Uncle Doug was a bachelor. He wore thick, black-rimmed glasses that greatly magnified his watery blue eyes. At 35, he was short, bald and chubby. After World War II was over and his typing stint at Fort Benning, Ga., ended, Uncle Doug came back home to San Francisco. A year later, he and my grandmother used the GI bill to buy a bungalow way up on the hill in Noe Valley. The three-bedroom house, with a tunnel entrance seemed like it was built on stilts, a promontory to the only world I knew – the Mission district down below, the neon Dutch Boy paint sign waving mechanically in the Potrero Districts, and ships, like tiny logs, anchored in the bay beyond.
My mother and father moved the four of us kids into the house’s cavernous basement when my father’s drinking led to the bank’s foreclosure on our tract house in Pacifica. Upstairs, Uncle Doug, Great Aunt Eva and my grandmother slept in the three small bedrooms, huddled together at the end of the long hall. Sunshine flooded in through three big skylights, which eased the despair.
Uncle Doug collected girlie pictures and pasted them into loose-leaf binders like recipes in a homemade cookbook. He kept them on his bureau with all the stats – bust measurements, age, height, weight, other magazines they’d appeared in. Before going to work in the afternoon, Uncle Doug would pace the floor of his bedroom listening to baseball games, calling the plays out loud before they were made. He had a record player and sometimes sang along with Frank Sinatra when the Giants weren’t at bat.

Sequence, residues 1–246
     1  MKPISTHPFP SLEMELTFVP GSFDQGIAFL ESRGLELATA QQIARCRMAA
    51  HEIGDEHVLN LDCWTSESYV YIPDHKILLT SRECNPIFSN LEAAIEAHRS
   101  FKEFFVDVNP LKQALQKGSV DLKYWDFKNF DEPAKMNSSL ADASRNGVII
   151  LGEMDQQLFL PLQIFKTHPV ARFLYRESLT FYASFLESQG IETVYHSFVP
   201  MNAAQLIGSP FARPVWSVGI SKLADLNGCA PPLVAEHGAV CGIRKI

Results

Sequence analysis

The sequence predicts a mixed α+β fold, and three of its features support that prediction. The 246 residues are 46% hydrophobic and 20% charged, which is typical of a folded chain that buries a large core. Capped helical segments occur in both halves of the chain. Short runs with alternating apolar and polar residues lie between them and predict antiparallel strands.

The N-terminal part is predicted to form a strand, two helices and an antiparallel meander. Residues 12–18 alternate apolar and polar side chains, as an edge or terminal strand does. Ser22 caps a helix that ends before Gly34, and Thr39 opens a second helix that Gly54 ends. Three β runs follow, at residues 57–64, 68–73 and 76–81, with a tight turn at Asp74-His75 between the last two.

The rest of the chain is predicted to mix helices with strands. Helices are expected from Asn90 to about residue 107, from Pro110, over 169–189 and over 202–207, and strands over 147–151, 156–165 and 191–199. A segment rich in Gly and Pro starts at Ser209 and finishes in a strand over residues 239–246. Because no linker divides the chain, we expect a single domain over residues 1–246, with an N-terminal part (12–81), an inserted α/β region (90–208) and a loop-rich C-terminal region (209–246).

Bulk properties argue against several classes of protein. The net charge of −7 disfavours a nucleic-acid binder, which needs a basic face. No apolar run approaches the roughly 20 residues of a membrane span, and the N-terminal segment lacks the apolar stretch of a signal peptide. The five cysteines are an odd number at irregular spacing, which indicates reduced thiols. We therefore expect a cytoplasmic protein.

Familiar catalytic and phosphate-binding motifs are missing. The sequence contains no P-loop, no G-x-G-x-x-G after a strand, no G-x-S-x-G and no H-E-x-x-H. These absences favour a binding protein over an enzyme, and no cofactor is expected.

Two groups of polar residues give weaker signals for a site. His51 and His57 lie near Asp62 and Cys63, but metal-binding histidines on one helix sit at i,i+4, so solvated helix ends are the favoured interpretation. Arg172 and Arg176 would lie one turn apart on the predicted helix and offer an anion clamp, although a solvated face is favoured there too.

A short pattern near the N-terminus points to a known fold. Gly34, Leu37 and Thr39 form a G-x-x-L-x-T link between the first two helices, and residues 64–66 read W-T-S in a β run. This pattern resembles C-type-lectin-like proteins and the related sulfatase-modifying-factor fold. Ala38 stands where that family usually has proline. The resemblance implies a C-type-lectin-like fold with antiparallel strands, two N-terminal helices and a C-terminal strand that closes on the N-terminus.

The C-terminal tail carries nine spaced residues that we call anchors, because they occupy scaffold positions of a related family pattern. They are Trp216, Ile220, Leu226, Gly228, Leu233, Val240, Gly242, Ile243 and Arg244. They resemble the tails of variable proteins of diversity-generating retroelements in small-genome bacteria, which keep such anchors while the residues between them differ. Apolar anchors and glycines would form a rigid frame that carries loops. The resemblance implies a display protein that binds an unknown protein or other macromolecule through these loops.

My grandmother said Uncle Doug had “shell shock” from his experience in the war. That was what made him so odd, she said. That was what made him talk to himself and pace like a big cat. My mother rolled her eyes and held her tongue whenever the shell-shock theory was presented. She leaned toward the brain-damaged-at-birth notion.
Sometimes Uncle Doug would go to the basement. There was an old, black upright piano in the back corner, shoved against the cement foundation wall. Our beds were arranged there too. He’d beat the keys, pound out hymns and sing in his thin tenor voice about the love of Christ. My mother would usually take us kids down the street to the park until the music died.